Connecting art to tradition is how you move forward, a conversation with Mary Anne Davis

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Maryanne2 I met Mary Anne Davis through her blog, way back in 2005, when we were both just starting to find ways to make our blogs represent our art on a global scale. We've had a few opportunities to meet up in person as well, including the panel discussion, Millionaire or Artist? How About both? which we shared with Amrita Chandra and Hugh MacLeod this year at SXSW.

One thing I've always liked about Mary Anne's work is the way she ties her functional art to broader concepts— Mary Anne has a relentless curiosity which she applies to art history, social movements, ecology, globalism and localism, and experimentation with new ideas about art and commerce. She finds simple ways to bring complex ideas into the meaning of her art and her practice of art.

Making fine porcelain dinnerware is the bones of my studio practice. Making dinner expresses my inner thinking. Talking over food is where art occurs. Co-creating a beautiful world where people get along, cook, eat and talk is my idea of great art. Shopping at the farmers market and cooking for friends and family thrills me no end. Serving up delicious food on my own dishes moves a meal into an integrated expression of living at the highest level. That is the ultimate. — Mary Anne Davis

In this episode, we'll discuss her art formal education experience, her ideas about art history and practice as an extended conversation held between all working artists, and her studio and business model.


Mary Anne Davis has a BFA in ceramics from Cranbrook Academy of Art, Bloomfield Hills, Michigan, and an MFA in sculpture from the School of Visual Arts in NYC. She has exhibited her ceramic work at the Smithsonian Craft Show, the Philadelphia Museum of Art Craft Show, CraftBoston and at the American Craft Council show in Baltimore. Exhibitions and projects include events at Gallery Idee in Tokyo, The Asia Society in New York, The London Biennial. In 2003, Davis was invited to create 200 bowls to be part of a conference called Food and Power at the Copia Institute in Napa California. An original ritual performance called the Mala Meal Project, was presented at Art Omi in 2002. The Mala Meal Project opened the Earth and Religion Conference at Bard College, Rhinebeck, New York in 2005 and served as a vehicle for multi-faith bonding at the conference Digital Earth at UC Berkeley in 2007.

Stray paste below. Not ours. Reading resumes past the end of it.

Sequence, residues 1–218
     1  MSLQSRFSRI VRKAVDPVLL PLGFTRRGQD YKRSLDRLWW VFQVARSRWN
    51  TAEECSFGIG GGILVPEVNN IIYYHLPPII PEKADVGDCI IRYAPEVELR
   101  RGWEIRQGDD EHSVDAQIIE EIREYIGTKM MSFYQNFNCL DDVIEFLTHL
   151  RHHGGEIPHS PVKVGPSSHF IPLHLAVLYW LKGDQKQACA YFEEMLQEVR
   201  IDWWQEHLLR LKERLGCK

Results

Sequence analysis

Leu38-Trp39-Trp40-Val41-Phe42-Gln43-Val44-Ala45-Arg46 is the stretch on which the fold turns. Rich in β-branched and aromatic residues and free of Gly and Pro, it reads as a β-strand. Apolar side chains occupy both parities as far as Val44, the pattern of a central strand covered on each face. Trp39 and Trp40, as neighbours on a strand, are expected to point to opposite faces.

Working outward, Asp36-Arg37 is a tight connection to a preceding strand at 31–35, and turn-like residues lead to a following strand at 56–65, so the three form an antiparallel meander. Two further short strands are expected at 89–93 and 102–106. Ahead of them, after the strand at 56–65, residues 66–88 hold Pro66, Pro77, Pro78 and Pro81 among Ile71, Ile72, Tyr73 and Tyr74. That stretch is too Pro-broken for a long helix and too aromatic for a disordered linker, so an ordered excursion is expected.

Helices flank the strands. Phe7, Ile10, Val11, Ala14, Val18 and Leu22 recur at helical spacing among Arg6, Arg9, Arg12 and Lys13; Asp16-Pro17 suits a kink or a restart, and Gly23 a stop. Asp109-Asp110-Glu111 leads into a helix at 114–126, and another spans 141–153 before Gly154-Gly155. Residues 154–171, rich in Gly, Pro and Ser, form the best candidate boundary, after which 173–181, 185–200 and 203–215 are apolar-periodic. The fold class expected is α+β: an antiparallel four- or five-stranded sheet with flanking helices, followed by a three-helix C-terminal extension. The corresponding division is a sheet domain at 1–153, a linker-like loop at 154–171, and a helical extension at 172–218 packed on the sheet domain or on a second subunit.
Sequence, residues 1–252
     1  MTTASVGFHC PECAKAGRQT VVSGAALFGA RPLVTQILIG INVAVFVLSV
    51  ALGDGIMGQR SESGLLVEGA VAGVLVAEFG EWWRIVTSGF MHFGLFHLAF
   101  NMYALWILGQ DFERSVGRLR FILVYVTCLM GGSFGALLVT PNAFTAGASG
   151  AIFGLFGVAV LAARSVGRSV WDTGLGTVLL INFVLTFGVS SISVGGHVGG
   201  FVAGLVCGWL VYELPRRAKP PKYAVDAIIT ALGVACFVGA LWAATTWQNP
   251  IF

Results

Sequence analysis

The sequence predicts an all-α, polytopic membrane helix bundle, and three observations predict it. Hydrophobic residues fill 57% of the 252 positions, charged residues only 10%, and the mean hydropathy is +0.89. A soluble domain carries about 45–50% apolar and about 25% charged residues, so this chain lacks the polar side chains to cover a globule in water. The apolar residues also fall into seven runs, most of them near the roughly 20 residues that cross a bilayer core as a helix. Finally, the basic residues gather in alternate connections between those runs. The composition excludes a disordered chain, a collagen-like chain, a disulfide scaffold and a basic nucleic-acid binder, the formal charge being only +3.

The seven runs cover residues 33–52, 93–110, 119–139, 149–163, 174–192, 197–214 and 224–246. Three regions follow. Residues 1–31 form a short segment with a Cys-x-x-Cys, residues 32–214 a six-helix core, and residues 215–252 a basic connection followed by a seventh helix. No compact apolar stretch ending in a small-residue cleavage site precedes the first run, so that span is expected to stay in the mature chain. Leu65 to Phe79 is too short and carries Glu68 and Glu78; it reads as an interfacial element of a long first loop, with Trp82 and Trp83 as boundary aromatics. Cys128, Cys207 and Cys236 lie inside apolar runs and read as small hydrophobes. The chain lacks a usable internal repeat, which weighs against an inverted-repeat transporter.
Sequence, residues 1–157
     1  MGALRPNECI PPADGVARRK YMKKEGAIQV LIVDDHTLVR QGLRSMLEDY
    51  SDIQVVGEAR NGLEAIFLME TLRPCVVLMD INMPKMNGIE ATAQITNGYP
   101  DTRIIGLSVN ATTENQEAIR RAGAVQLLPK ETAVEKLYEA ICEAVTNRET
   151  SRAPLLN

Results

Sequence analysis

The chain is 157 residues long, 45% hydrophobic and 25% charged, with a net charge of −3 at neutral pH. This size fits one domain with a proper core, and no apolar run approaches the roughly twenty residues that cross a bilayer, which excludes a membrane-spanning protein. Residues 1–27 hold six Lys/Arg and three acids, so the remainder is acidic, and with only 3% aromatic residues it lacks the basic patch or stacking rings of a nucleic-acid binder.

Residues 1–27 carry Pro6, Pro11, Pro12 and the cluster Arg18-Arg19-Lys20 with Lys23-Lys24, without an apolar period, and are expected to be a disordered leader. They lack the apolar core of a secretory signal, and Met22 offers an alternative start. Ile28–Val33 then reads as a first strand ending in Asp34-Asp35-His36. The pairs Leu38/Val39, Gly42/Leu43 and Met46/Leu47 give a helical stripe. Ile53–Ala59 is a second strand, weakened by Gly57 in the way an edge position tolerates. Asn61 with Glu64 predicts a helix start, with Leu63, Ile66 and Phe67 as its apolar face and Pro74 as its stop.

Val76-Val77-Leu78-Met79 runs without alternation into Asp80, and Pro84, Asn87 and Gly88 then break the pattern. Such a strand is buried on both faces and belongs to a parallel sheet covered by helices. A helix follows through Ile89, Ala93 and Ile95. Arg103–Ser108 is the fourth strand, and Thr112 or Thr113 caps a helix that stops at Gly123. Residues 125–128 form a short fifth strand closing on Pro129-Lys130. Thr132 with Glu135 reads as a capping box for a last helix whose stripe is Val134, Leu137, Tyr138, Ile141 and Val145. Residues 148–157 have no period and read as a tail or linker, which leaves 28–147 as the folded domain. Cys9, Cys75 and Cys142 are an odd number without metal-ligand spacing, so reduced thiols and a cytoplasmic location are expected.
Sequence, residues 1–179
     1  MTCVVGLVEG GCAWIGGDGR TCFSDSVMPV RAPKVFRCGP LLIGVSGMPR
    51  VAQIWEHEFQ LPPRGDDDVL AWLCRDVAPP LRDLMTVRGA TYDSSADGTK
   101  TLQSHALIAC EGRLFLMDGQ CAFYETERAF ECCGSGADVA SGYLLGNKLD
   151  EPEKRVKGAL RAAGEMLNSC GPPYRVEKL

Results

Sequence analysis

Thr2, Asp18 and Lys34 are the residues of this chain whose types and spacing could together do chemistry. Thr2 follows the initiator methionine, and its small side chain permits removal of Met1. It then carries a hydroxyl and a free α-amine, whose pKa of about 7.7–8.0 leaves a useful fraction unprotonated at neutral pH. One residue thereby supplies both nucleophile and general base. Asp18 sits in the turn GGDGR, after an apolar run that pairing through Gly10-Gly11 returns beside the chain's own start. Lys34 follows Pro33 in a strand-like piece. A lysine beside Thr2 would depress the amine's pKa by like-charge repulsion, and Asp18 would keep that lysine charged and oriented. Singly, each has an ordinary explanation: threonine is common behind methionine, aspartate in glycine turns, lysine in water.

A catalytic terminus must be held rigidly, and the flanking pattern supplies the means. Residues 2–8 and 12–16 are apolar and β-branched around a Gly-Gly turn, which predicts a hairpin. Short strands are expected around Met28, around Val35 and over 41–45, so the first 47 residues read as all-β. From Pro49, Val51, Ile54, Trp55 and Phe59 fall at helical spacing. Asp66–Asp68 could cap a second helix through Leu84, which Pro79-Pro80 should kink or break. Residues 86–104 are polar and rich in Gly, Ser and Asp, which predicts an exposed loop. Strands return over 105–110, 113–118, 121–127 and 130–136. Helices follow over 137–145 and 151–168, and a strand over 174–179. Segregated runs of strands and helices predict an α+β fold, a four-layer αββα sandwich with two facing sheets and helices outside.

The production work of davistudio has been sold at the Whitney Museum Store, The Guggenheim Museum Store, and the Museum of Art and Design Store in NYC. Work is currently in New York at John Derian and Avventura. Clients nationwide have included Neiman Marcus, Bergdorf Goodman, Gump's in San Francisco, The Gutherie Theatre in Minneapolis and the Museum of Contemporary Art in Chicago among others.

The Food network uses davistudio fine porcelain regularly on Everyday Itatlian with Giadda deLaurentis and 30 Minute Meals with Rachel Ray. Davistudio exhibited at the New York International Gift Fair for 5 years (1998 - 2003). Her work has been published in numerous magazines including Elle Decor, the New York Times, O Magazine, Real Simple, Modern Bride, Gourmet, Bon Appetit, In Style, etc.

Learn More about Mary Anne Davis

  1. Visit Davistudio fine procelain
  2. Visit Mary Anne Davis' blog
  3. Follow Mary Anne on Twitter or Facebook
  4. Purchase Mary Anne Davis Art
  5. Davistudio philosophy

Further Resources:

  1. Listen to SxSWi panel, Millionaire or Artist? How About both?

Show Highlights: Excerpts From the Conversation

Once the transcription is completed I'll include some of the best portions here.

« Master art business basics so you can focus on the fun of art, a conversation with Howard Mann | Main | Start your band now, learn to play later, a punk rock conversation with Johnny B. Truant »

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Statement + Bio | Curriculum Vitae | Bibliography

I'm best known as an artist and designer. Relaxing makes me tense, so I tend to put in a lot of hours on diverse projects.

On the way to a successful art career I've been a poet and writer, a tech geek, a print and web designer, illustrator, industrial designer, musician, teacher, actor, set designer and even a paid guru once.

It's all the same thing in the end— I wake up most days thinking about how I want to change, fix or improve some aspect of the world. And after a couple cups of coffee I get started on it.

My specialty is impossibility remediation: if it can't be done, I'm on it.

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